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MIT paper encourages training in additive manufacturing

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A paper released by researchers at the Massachusetts Institute of Technology’s Work of the Future department encourages industrial training in additive manufacturing. Major American news sources have picked up the story, which bodes well for the AM industry. The policy paper reviews AM technology and its future impacts on the workforce and the product lifecycle.

The report’s authors are Haden Quinlan and John Hart.

The report makes a series of recommendations that will if adopted, spur the AM industry to new heights:

  1. Invest in the full spectrum of basic AM research that can be applied to commercialization;
  2. Support small- and medium-sized enterprises to develop AM capacity and expertise;
  3. Support the development of high-quality, workforce-oriented training programs at all levels;
  4. Accelerate approaches to open innovation with AM as a fulcrum;
  5. Understand and proactively combat the prospective risks of intellectual property piracy, counterfeiting, and reverse engineering through secure and effective file-sharing standards; and
  6. Define through legislation the ownership of digital information and outline concretely the boundaries between consumer and manufacturer rights and entitlements for device repair.

These recommendations focus on initiatives that can be implemented in individual companies and by governments to foster market uptake of AM technologies. These recommendations, moreover, take on social significance because they ask businesses to retrain workforces for the coming AM age. Industry 4.0 is rapidly cresting the horizon, and many unions and employees remember tough times when automation displaced part of the workforce. A similar phenomenon may occur as AM becomes mainstream, and the report points to some similar move:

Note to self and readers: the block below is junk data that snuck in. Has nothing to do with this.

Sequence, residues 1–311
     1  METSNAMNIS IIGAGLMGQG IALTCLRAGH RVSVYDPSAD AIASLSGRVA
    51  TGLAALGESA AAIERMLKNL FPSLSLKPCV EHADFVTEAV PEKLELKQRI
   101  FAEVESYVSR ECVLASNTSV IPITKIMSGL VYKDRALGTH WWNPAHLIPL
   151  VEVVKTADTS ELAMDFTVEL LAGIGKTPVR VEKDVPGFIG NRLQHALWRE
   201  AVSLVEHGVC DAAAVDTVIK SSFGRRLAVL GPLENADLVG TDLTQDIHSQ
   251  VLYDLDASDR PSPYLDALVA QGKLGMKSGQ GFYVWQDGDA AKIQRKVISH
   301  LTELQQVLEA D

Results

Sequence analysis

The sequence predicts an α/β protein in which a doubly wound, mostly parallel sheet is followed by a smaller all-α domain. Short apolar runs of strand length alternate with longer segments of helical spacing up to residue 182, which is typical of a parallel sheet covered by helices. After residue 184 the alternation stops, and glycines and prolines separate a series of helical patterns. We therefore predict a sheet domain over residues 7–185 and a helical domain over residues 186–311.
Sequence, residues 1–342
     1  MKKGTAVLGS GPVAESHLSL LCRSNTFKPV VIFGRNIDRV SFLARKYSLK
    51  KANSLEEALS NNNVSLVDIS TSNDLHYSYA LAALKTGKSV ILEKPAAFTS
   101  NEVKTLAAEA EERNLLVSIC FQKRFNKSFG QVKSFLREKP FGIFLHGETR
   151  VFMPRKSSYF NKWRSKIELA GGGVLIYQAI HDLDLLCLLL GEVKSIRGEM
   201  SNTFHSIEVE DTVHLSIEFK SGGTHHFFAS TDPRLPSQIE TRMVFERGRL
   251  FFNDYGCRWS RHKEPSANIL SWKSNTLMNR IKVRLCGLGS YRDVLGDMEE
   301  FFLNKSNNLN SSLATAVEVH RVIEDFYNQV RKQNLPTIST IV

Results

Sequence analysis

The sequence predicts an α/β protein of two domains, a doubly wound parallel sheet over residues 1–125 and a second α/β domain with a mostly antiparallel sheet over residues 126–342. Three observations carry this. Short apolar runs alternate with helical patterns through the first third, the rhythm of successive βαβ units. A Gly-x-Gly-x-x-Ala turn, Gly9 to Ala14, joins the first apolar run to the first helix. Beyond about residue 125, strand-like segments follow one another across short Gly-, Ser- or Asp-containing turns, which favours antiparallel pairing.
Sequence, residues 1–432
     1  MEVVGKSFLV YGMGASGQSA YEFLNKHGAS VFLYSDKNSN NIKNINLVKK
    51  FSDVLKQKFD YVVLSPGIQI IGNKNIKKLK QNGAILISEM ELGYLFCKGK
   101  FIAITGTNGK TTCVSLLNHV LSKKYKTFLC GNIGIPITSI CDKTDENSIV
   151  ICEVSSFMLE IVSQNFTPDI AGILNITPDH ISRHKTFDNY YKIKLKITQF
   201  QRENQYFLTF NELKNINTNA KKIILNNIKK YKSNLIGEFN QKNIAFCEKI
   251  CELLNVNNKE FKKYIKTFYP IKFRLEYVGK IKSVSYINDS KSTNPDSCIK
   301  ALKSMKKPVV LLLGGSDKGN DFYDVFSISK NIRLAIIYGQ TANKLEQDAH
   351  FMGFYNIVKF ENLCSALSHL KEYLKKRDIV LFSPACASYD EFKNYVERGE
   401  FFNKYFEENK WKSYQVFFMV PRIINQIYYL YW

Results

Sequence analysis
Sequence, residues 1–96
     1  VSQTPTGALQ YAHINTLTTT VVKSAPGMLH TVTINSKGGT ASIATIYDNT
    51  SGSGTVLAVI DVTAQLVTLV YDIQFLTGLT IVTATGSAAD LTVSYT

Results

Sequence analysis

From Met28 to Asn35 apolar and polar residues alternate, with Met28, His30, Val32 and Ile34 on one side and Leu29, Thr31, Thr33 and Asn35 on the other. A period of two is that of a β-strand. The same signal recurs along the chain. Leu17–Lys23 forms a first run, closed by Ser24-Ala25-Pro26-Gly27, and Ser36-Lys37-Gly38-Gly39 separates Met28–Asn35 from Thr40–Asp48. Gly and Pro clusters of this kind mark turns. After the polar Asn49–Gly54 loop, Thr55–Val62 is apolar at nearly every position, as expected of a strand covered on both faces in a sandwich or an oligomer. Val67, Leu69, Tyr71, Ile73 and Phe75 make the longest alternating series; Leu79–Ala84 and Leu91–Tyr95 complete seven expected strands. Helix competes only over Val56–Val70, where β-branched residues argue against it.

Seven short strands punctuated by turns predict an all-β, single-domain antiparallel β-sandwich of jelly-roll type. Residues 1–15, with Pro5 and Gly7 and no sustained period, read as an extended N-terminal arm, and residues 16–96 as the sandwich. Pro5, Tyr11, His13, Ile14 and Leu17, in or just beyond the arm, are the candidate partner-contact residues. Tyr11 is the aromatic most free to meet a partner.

[…] more workers are leaving the manufacturing sector than ever before. Between 2015 and 2018, for example, the percentage of the total manufacturing workforce that left the industry increased each year annually from 25.6 percent (2015) to 32.5 percent (2018). In 2019, the last year for which complete data is available, 31.3 percent of the manufacturing workforce left the industry. While increased worker turnover generally characterizes most economic activity for this period, few sectors have had turnover of commensurate magnitude to the manufacturing sector.

The report thus highlights the need for cooperation between business, government, and labor. The present AM labor force is described in great detail:

Despite a growing body of professional training initiatives for AM, there is evidence that such initiatives may be insufficient to address the shortage of qualified professionals. A 2018 study cosponsored by Deloitte and The Manufacturing Institute concluded that there may be a total of 2.4 million unfilled manufacturing jobs in the United States between 2018 and 2035 and that the great majority of manufacturing executives (89 percent) perceive a talent shortage in U.S. manufacturing.

These statistics go to the authors’ recommendations. The AM space needs to garner widespread social, political and economic support.

The authors point to three case studies that are well known in the AM space: aerospace and defense, medical devices, and automotive vehicles. Each of these sectors boasts a stronger AM presence; the authors predict higher AM uptake in these sectors, which will serve to incite investment in other manufacturing applications.

 

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Adam Strömbergsson

Adam is a legal researcher and writer with a background in law and literature. Born in Montreal, Canada, he has spent the last decade in Ottawa, Canada, where he has worked in legislative affairs, law, and academia. Adam specializes in his pursuits, most recently in additive manufacturing. He is particularly interested in the coming international and national regulation of additive manufacturing. His past projects include a history of his alma mater, the University of Ottawa. He has also specialized in equity law and its relationship to judicial review. Adam’s current interest in additive manufacturing pairs with his knowledge of historical developments in higher education, copyright and intellectual property protections.

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